But the Crabtree project points out the most formidable obstacle preventing the masses from going off the grid — cost.
The wind generator cost about $45,000, while the solar system was about $15,000. In a state where the average value of owner-occupied homes is $137,000 and the median value was $109,000, it’s obvious that not many people can afford upgrades that cost half as much as their home. Hybrid cars are also substantially more expensive than those using regular gasoline engine technology. Such realities, harsh as they are, make it difficult to imagine any near future where large numbers of people will be able to power their homes with something other than utility-supplied electricity or to substantially reduce their gasoline costs and auto emissions.
Another option, however, lets North Carolinians support the development of clean energy sources without spending tens of thousands of dollars. The NC GreenPower program lets utility customers purchase “blocks” of green power by agreeing to pay extra on their monthly power bills. The energy purchased with that extra money would come from micro-hydro plants, wind, solar and biomass (decomposing organic matter). Most of the providers are small producers like the Meses, people who hope to sell a small amount of energy back to their utility to use in the state’s GreenPower initiative.
And the money ($4 a month, or more if you so choose) does not go the utility. It is given to NC GreenPower, and is used to buy energy from the clean producers who have it to sell. As more people — and companies — sign up, the program will have more funds with which to encourage more production. NC GreenPower claims to be the only statewide, nonprofit green power consortium in the country.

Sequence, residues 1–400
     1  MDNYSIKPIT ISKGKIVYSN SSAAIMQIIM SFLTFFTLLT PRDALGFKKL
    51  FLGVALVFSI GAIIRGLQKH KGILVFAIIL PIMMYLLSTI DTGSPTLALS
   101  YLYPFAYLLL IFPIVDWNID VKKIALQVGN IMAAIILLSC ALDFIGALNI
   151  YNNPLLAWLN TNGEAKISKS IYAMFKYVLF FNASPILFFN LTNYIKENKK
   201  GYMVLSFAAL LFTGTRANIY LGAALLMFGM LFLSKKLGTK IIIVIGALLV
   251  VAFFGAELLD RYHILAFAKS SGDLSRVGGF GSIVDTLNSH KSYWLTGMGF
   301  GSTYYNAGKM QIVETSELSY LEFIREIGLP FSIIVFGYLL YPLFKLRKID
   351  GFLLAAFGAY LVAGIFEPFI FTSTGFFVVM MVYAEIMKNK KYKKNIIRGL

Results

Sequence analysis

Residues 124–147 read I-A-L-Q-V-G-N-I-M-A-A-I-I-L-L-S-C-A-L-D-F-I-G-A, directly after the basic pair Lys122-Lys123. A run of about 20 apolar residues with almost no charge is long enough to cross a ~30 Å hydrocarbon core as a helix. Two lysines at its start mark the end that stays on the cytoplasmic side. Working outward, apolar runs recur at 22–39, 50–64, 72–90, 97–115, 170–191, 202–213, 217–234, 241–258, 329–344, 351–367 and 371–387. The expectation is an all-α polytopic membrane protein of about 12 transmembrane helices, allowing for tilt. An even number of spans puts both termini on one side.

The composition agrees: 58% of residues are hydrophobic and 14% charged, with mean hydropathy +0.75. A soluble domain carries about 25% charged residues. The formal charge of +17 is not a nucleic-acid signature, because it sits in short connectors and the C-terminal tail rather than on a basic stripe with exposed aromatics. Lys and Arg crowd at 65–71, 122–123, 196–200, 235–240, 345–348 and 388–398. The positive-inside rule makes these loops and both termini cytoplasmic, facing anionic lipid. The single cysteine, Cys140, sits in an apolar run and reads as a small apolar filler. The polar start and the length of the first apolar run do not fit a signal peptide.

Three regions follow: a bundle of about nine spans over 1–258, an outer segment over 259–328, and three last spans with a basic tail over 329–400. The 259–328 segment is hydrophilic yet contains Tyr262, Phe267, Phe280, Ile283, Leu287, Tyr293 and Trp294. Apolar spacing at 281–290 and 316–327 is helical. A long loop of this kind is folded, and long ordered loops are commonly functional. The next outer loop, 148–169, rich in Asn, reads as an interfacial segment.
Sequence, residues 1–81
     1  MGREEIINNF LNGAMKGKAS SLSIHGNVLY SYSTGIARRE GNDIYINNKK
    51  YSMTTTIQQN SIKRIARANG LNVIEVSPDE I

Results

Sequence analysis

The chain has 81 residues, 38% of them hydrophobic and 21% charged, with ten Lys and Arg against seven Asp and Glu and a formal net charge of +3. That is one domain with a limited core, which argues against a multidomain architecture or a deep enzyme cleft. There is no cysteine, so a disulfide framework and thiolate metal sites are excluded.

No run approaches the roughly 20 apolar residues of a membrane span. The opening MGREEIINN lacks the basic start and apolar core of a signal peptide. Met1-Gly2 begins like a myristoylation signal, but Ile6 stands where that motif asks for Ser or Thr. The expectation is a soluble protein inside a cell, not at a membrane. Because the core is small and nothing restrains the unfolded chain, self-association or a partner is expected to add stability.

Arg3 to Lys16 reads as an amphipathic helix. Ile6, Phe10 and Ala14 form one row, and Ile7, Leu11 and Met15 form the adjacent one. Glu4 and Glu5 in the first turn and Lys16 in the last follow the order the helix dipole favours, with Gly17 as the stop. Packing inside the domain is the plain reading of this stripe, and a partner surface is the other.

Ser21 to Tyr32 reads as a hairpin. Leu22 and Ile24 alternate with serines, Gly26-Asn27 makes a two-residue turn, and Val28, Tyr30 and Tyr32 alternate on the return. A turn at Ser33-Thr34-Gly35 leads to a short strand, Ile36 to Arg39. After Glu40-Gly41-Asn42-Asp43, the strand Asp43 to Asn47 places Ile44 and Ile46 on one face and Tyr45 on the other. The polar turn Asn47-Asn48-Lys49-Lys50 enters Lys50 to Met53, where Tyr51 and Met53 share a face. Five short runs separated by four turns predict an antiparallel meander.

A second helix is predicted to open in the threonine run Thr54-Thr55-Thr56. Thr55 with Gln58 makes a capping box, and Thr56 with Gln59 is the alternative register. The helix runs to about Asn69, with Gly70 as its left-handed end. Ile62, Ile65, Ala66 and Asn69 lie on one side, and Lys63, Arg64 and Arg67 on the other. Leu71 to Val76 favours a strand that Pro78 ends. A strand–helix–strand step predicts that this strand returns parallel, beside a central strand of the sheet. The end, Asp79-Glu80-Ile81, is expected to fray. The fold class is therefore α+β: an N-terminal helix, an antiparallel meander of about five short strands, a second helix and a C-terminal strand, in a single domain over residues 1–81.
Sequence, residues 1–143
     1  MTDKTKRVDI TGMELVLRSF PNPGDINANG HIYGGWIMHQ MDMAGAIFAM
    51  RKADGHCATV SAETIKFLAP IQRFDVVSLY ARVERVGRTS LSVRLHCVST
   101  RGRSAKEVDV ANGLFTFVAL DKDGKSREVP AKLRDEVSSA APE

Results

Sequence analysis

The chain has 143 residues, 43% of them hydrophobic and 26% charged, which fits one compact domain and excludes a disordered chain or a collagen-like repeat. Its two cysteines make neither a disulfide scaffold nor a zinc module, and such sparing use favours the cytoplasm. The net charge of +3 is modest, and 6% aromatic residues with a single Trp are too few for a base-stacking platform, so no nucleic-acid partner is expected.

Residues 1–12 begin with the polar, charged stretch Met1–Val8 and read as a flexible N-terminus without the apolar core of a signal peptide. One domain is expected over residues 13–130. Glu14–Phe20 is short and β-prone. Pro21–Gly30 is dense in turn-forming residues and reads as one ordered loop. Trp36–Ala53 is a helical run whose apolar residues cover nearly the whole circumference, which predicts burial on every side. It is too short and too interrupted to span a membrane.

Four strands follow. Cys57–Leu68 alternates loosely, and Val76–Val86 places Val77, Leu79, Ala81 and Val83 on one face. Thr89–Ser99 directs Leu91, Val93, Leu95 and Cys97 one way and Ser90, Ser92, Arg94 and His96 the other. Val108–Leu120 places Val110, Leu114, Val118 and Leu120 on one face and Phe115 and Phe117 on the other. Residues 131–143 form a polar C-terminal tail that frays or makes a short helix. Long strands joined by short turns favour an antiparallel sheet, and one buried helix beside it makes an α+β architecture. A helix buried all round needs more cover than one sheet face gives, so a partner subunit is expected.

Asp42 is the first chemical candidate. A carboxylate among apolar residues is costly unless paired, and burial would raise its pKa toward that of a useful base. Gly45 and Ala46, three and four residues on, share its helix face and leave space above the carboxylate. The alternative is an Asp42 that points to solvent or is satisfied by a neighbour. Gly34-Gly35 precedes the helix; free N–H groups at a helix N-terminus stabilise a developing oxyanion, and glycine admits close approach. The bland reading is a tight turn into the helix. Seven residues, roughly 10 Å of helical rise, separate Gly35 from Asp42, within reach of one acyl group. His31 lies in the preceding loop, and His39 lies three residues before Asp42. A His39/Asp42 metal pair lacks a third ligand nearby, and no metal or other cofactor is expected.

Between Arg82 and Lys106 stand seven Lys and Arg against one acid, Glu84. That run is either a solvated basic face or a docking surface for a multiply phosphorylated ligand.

Unfortunately, due to lack of publicity and the cost, few people have signed up for the program. According to NC GreenPower, statewide subscribers now stand at 7,650. In our region, Duke Power says it has a total of 201 customers in its Western North Carolina service area.
There are lots of people who try to make political hay of any effort that benefits the environment. But cutting our addiction to traditional energy sources like coal and oil just makes sense. Actions that reduces pollution without any major ramifications is just smart. Taking baby steps toward an energy independent future is economically and politically sound.
In February of this year, the U.S. Census Bureau says the Earth’s population hit 6.5 billion souls. By 2012, we will reach 7 billion. Push all the ideology and philosophizing aside, and the simple truth is that more people means more consumption, which leads to less of everything.
Barely any of those 7 billion folks will be able to afford wind generators or solar panels, but a whole bunch of us can afford a few extra dollars a month. This one’s easy.
To sign up for the program or to learn more, go to www.ncgreenpower.org or call 919.716.6398.